A Burger by Any Other Name?

 

By Christopher Delporte, ABA Banking Journal

October 11, 2021

 

There seem to be as many predictions about the future of the alternative protein as there are products in that market. Most everyone’s crystal ball predicts rapid growth, which would seem to make sense. Considering potential market size and current market share, there’s nowhere to go but up compared to traditionally sourced protein options. The bigger questions are what’s fueling the expansion, how steep will the growth curve continue to be and how do U.S. farmers and ranchers benefit, if at all? Is it an opportunity or obstacle for them?

 

According to figures released by the Good Food Institute, the alternative protein industry raised $3.1 billion in investment in 2020—three times more than any year in the industry’s history. According to GFI, a nonprofit focused on the plant-based food industry and “cultivated” meat and dairy products, the investment was three times more than what was raised in 2019 and 4.5 times more than 2018. The last decade saw a total investment of $5.9 billion.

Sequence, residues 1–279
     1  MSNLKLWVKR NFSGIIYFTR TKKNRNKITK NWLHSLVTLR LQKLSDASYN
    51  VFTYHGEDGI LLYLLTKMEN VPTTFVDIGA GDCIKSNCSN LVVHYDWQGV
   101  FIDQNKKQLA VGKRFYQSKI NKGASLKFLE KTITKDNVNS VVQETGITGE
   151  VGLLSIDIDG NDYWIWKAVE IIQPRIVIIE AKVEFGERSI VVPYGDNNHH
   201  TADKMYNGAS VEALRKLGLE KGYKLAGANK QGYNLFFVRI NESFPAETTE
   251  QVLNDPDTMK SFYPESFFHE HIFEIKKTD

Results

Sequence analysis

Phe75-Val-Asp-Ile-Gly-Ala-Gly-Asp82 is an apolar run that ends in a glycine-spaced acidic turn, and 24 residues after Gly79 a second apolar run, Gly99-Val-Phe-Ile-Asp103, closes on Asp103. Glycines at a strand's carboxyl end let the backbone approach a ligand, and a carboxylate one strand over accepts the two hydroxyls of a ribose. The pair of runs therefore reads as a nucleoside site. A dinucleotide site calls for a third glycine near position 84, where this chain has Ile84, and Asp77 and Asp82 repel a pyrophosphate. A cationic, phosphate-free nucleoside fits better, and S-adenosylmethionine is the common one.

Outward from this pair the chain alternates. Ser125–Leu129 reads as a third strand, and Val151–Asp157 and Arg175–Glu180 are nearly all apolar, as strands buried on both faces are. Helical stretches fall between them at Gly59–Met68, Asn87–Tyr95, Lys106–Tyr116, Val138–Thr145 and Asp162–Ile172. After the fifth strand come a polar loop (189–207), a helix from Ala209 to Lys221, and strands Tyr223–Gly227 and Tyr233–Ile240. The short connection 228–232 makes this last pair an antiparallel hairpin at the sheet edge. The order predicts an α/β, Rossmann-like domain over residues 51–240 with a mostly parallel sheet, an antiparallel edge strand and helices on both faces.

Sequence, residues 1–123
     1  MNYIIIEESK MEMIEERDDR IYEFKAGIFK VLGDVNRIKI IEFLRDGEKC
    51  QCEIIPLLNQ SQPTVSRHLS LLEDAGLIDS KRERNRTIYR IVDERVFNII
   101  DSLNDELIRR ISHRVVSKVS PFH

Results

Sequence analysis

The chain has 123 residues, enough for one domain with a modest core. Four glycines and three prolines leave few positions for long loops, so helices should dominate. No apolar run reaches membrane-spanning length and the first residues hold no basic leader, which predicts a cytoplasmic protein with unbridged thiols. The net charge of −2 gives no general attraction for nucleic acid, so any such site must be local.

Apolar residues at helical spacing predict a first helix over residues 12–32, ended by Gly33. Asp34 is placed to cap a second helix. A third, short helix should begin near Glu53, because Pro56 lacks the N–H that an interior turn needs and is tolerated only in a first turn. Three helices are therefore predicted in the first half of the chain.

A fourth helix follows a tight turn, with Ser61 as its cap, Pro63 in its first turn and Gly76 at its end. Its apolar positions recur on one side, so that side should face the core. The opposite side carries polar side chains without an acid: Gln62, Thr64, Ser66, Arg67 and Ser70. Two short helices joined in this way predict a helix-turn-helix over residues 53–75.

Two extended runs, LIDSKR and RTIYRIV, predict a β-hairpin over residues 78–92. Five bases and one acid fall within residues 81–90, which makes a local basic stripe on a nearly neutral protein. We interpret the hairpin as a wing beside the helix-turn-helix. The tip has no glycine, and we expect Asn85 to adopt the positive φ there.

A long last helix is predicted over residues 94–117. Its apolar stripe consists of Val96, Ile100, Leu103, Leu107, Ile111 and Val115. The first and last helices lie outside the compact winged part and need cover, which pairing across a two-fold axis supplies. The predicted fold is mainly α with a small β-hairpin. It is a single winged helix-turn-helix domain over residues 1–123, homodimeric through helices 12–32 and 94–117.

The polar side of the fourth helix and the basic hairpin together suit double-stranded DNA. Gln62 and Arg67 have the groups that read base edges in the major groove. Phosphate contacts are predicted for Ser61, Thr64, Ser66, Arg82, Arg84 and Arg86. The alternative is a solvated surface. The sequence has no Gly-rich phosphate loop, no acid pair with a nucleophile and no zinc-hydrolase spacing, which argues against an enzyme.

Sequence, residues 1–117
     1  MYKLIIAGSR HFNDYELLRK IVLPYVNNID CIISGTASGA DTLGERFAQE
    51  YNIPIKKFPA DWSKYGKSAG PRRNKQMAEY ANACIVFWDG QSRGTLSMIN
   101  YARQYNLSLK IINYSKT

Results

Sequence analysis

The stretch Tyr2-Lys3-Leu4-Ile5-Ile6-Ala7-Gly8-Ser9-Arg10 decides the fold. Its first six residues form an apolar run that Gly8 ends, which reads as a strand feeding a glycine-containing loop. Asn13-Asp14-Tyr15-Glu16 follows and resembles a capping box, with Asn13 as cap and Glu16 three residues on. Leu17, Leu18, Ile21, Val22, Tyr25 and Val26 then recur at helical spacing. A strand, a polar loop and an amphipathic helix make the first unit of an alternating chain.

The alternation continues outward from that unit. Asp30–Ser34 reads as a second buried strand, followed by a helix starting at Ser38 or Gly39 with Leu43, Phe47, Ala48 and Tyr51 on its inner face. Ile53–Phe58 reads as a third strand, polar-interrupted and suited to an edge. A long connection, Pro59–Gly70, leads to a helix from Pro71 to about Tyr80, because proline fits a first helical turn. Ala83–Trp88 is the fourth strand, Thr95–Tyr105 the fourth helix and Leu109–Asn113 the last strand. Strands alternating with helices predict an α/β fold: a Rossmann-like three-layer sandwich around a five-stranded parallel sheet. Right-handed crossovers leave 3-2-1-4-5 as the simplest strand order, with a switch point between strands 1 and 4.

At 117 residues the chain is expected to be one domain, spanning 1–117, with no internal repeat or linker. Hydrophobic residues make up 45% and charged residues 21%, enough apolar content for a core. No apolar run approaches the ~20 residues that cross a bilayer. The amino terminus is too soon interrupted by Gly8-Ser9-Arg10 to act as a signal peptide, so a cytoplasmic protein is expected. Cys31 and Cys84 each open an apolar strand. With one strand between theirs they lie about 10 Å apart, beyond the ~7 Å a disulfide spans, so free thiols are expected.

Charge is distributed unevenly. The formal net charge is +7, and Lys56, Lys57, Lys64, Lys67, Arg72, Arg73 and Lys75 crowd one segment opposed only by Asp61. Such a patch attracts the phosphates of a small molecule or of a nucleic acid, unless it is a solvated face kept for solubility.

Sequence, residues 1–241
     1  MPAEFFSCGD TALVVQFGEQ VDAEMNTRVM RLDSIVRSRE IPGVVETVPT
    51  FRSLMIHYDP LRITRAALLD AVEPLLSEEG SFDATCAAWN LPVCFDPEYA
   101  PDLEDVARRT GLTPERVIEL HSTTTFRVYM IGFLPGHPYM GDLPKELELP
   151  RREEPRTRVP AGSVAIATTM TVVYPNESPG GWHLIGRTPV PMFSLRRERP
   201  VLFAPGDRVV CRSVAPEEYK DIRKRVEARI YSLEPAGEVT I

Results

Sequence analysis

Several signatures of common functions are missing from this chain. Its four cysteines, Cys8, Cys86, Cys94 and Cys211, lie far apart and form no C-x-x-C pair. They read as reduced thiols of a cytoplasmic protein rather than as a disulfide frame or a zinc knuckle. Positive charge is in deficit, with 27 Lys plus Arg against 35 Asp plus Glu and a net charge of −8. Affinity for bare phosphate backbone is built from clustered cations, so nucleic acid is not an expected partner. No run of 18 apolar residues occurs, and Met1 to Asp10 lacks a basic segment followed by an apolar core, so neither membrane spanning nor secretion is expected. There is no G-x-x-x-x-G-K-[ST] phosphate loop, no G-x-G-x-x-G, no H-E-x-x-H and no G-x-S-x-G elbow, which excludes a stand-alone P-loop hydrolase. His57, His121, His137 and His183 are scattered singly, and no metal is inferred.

“The surge in plant-based alternative proteins centers on several factors,” says Karol Aure-Flynn, a food and agribusiness industry adviser with Wells Fargo. “The momentum in health and wellness trends and the consumer focus on purpose-driven purchases is attracting attention to the growing market for substitutes for traditional animal protein. Alternative proteins, including plant-based and cellular, are positioned as an eco-friendly choice for consumers.”

 

Issues such as “factory farming” also have traction with the public, says Aure-Flynn. “People care about the treatment of animals and their health,” she adds.

 

Cell biology ...

 

Don’t have a cow ...

 

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